SCACCIA CONCRETE CORP., Plaintiff Fourth-Party Defendant-Appellant, v. HARTFORD FIRE INSURANCE COMPANY, Defendant and Third-Party Plaintiff-Respondent; Gemma Construction Co., Inc., Third-Party Defendant Fourth-Party Plaintiff-Respondent.
In an action to recover upon a labor and material payment bond, the plaintiff fourth-party defendant appeals from an order of the Supreme Court, Queens County (Posner, J.), dated October 4, 1999, which denied its motion for summary judgment on the complaint, dismissing the fourth-party complaint, and on its counterclaims in the fourth-party action, and granted the cross motion of the defendant third-party plaintiff for summary judgment dismissing the complaint.
ORDERED that the order is affirmed, with costs.
Gemma Construction Co., Inc. (hereinafter Gemma), was the general contractor on a public works project for the City of New York. Gemma obtained a labor and material payment bond from Hartford Fire Insurance Company (hereinafter Hartford), insuring and guaranteeing payment for all labor performed and materials supplied for the project. Gemma subcontracted the concrete and masonry work for the project to New Superior Concrete Corp. (hereinafter New Superior). Scaccia Concrete Corp. (hereinafter Scaccia) supplied the concrete to New Superior. When New Superior allegedly failed to pay for the concrete, Scaccia commenced this action against Hartford to recover upon the bond.
Scaccia moved, inter alia, for summary judgment on the complaint, and Hartford cross-moved for summary judgment dismissing the complaint on the ground that Scaccia had been paid. Hartford claimed that New Superior gave Scaccia promissory notes, and Scaccia issued a letter stating that it had been paid in full. In opposition, Scaccia asserted that the letter was not intended to close out the account, and that the notes were only a conditional payment. The Supreme Court determined that the notes constituted payment in full, thereby precluding recovery on the bond, and dismissed the complaint. We affirm.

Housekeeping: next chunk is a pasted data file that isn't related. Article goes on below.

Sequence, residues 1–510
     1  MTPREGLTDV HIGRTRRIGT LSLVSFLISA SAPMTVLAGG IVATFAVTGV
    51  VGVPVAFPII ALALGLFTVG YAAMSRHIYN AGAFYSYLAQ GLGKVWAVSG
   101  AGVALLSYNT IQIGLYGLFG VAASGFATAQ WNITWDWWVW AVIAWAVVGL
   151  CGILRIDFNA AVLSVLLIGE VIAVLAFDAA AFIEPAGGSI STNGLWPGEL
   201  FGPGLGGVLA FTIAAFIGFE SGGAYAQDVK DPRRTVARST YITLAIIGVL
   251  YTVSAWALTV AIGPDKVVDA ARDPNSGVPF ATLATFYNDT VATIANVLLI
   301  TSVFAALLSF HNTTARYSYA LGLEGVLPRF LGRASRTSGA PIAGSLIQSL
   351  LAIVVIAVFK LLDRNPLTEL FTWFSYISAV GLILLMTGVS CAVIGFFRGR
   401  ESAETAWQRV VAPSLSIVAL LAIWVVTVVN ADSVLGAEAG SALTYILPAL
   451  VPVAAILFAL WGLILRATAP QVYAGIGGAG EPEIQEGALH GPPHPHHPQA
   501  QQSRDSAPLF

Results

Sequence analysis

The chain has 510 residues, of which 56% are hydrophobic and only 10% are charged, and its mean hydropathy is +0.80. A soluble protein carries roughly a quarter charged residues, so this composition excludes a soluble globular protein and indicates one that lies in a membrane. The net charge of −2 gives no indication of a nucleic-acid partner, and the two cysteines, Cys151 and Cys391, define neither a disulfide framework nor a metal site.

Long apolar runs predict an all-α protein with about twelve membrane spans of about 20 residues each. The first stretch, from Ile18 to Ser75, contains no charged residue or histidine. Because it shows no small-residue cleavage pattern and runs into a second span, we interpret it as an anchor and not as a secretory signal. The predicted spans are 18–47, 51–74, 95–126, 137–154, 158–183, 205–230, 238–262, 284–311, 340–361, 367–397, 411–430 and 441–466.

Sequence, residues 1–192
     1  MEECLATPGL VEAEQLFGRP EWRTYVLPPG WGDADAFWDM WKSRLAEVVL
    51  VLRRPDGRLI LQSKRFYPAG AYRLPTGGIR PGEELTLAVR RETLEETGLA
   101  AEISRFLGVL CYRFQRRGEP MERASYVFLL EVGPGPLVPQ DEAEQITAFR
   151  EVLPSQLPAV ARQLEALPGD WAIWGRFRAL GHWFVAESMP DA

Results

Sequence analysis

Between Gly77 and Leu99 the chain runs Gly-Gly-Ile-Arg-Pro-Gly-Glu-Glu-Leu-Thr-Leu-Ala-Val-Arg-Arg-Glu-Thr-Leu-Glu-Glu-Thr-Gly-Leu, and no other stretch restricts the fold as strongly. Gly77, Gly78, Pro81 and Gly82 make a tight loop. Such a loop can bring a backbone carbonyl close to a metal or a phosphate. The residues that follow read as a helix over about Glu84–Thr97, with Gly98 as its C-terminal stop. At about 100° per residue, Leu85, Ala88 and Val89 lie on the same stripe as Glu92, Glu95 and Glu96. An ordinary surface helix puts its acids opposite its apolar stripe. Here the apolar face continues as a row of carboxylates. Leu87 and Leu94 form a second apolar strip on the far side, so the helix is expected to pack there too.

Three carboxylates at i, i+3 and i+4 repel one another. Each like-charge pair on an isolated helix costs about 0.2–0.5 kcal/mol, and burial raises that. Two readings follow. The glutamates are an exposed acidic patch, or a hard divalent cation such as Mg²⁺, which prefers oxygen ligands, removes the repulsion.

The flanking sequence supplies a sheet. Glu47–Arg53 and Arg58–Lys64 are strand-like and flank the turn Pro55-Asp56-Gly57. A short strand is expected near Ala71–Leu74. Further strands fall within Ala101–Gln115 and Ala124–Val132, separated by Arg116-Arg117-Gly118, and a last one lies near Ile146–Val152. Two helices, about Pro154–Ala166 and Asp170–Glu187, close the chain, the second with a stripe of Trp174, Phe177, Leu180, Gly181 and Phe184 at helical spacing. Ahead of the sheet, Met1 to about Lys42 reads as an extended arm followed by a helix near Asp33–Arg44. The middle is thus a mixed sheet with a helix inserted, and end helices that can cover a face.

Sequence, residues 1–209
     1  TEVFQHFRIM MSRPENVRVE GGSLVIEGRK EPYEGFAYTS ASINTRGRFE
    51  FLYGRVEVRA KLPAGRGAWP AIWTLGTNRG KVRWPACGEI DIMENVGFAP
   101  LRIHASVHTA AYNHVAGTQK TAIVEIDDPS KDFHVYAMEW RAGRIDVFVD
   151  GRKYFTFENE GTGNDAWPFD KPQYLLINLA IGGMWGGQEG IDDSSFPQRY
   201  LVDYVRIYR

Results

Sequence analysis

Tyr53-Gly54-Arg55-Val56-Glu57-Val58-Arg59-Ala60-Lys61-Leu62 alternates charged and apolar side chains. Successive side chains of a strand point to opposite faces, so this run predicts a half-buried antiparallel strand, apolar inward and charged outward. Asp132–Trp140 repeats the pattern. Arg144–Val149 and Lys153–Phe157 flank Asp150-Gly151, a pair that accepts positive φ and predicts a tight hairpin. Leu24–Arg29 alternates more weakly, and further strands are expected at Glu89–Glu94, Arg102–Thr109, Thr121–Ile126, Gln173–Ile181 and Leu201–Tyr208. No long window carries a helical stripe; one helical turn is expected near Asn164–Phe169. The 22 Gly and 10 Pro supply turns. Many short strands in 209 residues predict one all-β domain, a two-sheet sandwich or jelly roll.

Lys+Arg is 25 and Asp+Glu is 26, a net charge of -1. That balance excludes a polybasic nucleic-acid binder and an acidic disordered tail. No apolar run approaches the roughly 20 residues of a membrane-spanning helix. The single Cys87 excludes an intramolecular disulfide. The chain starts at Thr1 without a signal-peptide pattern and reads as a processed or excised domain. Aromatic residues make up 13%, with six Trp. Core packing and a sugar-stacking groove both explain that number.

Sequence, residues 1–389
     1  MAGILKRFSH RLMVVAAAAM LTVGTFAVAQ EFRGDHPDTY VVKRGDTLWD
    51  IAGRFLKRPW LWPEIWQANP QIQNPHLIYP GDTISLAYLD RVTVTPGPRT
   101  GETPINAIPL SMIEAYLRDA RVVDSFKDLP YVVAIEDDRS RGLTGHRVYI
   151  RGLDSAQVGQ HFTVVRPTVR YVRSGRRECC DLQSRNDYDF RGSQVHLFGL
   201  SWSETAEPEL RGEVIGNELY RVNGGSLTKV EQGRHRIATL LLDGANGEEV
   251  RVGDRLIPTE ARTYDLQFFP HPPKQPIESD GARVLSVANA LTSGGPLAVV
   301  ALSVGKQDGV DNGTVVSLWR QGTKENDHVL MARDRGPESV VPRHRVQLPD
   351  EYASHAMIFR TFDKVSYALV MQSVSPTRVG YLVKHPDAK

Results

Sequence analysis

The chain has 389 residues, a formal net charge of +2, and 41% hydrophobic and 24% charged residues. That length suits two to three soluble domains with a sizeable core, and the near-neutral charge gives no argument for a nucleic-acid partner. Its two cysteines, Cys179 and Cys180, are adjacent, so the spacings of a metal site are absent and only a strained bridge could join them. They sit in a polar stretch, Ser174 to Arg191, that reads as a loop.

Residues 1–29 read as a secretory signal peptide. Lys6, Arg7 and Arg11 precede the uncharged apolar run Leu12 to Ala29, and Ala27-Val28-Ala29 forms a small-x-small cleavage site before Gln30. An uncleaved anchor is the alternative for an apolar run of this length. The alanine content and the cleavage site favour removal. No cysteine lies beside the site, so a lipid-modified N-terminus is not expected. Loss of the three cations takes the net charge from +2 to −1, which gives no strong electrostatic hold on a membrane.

The common-law rule is that a “promissory note is delivered and accepted as evidence of a debt rather than in payment thereof, unless there be an agreement that the note is received in payment of the debt” (Industrial Bank of Commerce v. Shapiro, 276 A.D. 370, 372, 94 N.Y.S.2d 437, affd. 302 N.Y. 566, 96 N.E.2d 619; see, Meyer v. Lathrop, 73 N.Y. 315). A similar rule appears in Uniform Commercial Code § 3-802(1)(b), which provides that “unless otherwise agreed”, the taking of a note merely suspends the underlying obligation until the note is paid. However, contemporaneously with New Superior giving the notes to Scaccia, Scaccia issued a letter clearly and unequivocally stating: “[t]his is to certify that your account is paid in full for all deliveries made * * * to date”. Moreover, Scaccia's then-president testified at his deposition that Scaccia intended to accept and treat the notes as payment in full. Therefore, the Supreme Court properly denied that branch of Scaccia's motion which was for summary judgment on the complaint and granted Hartford's cross motion for summary judgment dismissing the complaint (see, Meyer v. Lathrop, supra).
Scaccia's remaining contentions are without merit.